Perhaps thirty years ago the race made sense, as it was an extra race to put on television and give fans a taste of something after a long, quiet winter before the 500-mile meal to fatten the fans to get through the final couple weeks of winter.

The Thursday night Daytona 500 qualifying races became redundant after the top 35 were locked into race and made even further redundant once charters were introduced. To solve that issue NASCAR decided to pay 10 points to each winner to justify the existence of the races. However, the Clash is another story. What is the point? Do the fans need to whet their appetites just three months after the nearly 40-week gorging ended? Maybe there was a time when people would stop and watch this exhibition but the world is more diluted than ever with options to take up our time and another race isn't going to take attention away from those interested in NBA All-Star Saturday Night full of a skills challenge, three-point contest and slam dunk contest. Fortunately or unfortunately the rain delay erased that conflict but it still doesn't solve the problem.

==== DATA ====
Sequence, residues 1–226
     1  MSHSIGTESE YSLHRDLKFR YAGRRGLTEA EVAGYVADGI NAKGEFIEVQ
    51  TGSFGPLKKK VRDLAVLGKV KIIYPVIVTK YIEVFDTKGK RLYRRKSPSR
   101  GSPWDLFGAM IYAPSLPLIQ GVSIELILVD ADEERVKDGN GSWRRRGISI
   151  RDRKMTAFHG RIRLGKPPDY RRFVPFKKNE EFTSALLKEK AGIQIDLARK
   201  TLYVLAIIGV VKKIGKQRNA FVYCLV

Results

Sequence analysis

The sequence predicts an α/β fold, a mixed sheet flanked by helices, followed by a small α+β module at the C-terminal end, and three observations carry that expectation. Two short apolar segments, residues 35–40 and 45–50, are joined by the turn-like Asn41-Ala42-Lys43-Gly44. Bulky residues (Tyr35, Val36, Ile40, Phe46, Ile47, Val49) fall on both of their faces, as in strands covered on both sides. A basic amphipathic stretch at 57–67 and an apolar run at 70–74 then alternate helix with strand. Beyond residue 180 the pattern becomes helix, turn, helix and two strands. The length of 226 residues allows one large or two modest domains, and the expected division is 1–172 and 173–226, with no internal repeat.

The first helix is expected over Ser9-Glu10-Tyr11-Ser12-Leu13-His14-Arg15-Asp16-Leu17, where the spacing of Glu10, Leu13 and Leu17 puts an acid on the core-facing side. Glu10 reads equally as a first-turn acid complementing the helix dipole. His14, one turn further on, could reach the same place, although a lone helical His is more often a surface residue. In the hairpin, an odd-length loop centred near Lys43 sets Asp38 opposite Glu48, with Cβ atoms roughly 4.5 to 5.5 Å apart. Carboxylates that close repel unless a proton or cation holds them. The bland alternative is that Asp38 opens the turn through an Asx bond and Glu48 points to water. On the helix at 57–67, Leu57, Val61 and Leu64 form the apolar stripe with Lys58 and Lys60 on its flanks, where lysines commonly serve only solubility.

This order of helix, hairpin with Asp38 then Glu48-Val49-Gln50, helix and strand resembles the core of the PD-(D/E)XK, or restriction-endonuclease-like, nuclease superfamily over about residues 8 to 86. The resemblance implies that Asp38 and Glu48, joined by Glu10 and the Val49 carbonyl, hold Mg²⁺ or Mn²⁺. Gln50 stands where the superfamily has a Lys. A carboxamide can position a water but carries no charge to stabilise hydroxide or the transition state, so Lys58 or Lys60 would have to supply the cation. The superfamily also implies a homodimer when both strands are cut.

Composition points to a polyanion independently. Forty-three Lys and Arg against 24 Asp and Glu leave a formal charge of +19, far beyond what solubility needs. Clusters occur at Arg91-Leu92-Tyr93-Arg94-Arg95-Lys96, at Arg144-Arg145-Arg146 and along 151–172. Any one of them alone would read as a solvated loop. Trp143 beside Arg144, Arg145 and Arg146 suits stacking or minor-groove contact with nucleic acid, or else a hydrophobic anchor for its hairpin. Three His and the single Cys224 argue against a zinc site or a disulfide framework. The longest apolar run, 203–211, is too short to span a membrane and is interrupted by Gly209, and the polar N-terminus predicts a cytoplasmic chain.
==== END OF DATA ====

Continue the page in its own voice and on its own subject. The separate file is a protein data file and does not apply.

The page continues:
When thinking about the Clash and the NBA All-Star Game and all all-star games for that matter, the Clash is just another race but all-star games are special events each year. All-star games and all-star weekends might be equally as meaningless as the Clash but they do provide everlasting memories. From Magic Johnson's return in 1992 to Shaquille O'Neal and Kobe Bryant reuniting in 2009 and sharing the MVP award to Larry Bird calling the three-point contest with the final shot still in the air to dunk contests that featured Spud Webb, Michael Jordan taking off from the free throw line and Vince Carter declaring its over in Oakland, NBA All-Star weekend provides something.

Name a Clash/Shootout/Unlimited that stands out or a moment from those races. What? Ricky Rudd's barrel roll that forced him to duct tape his eyes open? That's it. A 75-lap race to fill a Saturday night on Fox Sports 1 (or late Sunday morning because of rain) needs to do something more than just be another race. One thing all-star games do is it brings players together that don't play together on a regular basis and maybe that is something NASCAR should take from other sports instead of segmenting races.

Keep the Clash at 75 laps with a draw for the starting order, a 25-lap first segment and a 50-lap final segment. However, after the first segment, pay the winner $100,000 dollars, have all the cars come to the pit lane and have the drivers get of the car. Have each driver that finished the segment lineup inverse from the segment one results and have the drivers draw a number out of a hat but instead of setting up the starting order, that is the car the driver is going to start the final segment in.